Double-Click Image to Enlarge
Mathematics for Secondary School Teachers
By Elizabeth G. Bremigan, Ralph J. Bremigan, and John D. Lorch
Catalog Code: MSST
Print Edition ISBN: 978-0-88385-773-1
Hardcover, 404 pp., 2011
List Price: $64.95
Member Price: $52.95
Series: MAA Textbooks
Table of Contents | Excerpt | About the Authors | Buy on Amazon | Buy in MAA Bookstore |
Mathematics for Secondary School Teachers, which is intended for prospective educators in middle and high school, balances discovery learning with direct instruction.
Written to develop a deeper understanding of the mathematics that will be taught, the book presents topics of central importance in the secondary school mathematics curriculum, notably, functions, polynomials, trigonometry, exponential and logarithmic functions, numbers and operations, and measurements.
Beyond the goals of conceptual understanding and computational fluency, readers of the book can devise their own mathematical explanations and arguments; create examples and visual representations; remediate typical student errors and misconceptions; and analyze students’ work.
A broad collection of exercises of varying degrees of difficulty is integrated with the text. Instructors are able to emphasize the following:
Basics: The exploration of key precollege topics from intuitive and rigorous points of view;
Connections: The exploration of relationships among topics, using tools from college-level mathematics;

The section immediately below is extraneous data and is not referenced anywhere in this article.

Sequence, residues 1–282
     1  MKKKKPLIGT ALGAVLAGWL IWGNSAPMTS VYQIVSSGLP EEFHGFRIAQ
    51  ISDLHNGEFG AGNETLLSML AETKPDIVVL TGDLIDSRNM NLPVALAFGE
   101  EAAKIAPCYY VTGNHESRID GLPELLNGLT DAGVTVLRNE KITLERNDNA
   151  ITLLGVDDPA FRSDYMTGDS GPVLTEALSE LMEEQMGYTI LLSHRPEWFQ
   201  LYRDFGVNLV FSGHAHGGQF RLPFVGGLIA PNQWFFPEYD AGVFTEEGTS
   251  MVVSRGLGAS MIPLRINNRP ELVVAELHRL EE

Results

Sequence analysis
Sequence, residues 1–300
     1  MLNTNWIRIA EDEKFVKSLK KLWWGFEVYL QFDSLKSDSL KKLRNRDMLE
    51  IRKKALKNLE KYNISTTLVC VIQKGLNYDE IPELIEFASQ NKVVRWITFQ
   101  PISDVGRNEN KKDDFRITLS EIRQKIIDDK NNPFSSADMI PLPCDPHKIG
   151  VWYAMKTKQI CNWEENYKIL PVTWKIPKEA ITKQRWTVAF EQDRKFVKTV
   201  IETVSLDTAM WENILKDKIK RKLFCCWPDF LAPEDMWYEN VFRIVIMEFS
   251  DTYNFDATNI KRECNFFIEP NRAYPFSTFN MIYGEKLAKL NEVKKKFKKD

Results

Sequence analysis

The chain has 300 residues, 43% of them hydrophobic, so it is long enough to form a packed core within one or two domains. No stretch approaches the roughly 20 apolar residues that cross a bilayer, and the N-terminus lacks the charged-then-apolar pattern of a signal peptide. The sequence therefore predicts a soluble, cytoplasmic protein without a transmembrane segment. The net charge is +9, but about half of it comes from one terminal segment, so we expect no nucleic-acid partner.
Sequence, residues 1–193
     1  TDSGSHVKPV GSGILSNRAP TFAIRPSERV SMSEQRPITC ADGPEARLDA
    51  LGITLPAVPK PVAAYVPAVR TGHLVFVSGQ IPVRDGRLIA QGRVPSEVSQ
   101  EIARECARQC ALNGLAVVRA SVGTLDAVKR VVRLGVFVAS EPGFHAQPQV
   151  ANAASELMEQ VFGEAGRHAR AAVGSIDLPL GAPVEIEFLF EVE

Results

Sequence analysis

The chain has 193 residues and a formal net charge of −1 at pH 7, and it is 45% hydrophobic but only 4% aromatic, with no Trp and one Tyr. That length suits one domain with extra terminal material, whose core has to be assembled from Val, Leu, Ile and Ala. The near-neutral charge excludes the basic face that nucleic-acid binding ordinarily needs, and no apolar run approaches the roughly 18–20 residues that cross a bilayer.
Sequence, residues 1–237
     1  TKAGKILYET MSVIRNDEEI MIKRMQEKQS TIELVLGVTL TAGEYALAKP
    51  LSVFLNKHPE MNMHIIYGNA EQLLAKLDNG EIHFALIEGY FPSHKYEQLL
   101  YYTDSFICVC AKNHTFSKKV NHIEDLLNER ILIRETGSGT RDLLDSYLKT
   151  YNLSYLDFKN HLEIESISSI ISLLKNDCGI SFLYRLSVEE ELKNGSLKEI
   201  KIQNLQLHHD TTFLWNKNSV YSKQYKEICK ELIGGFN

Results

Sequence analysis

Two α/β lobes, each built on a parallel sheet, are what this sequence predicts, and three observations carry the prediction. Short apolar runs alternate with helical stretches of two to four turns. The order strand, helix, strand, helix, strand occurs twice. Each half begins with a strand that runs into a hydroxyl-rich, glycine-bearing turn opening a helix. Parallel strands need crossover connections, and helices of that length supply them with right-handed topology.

Extensions: The exploration of college-level mathematical topics that have a compelling relationship to precollege mathematics.
By taking into account the diverse mathematical backgrounds of preservice teachers and the varied goals of teacher preparation programs, the authors have written a textbook whose subject matter addresses a wide range of learning objectives appropriate for future teachers.
Mathematics for Secondary School Teachers can also be used in licensing programs; as a supplement to mathematics methods courses; as a text for graduate courses for in-service teachers; and as a resource for faculty development.
Table of Contents
To the Student.
To the Instructor.
2. Lines in the Plane.
3. Quadratic Polynomials.
5. Hyperbolic Trigonometry.
7. Operations in Number Theory.
8. Topics in Number Theory.
10. Exponential and Logarithmic Functions: History, Computation, and Application.
11. Transcendental Functions and Complex Numbers.
12. Beyond Quadratics: Higher Degree Polynomials.
Appendix A: Log Tables.
Excerpt: 4.2 Triangles, Circles, and Trigonometric Functions (p. 107)
The word trigon refers to a three-sided figure, while metry means measurement. Thus trigonometry is the measurement of triangles, which is tantamount to studying the measurement of the relationships among side-lengths and angles. There is no doubt that trigonometry is useful. Human beings have been using triangles to make measurements (e.g., the height of Everest, the circumference of the earth, the distance of from the earth to the sun) for thousands of years. But why is trigonometry nontrivial? After all, we know how to measure angles and line segments, so what can be so hard about trigonometry?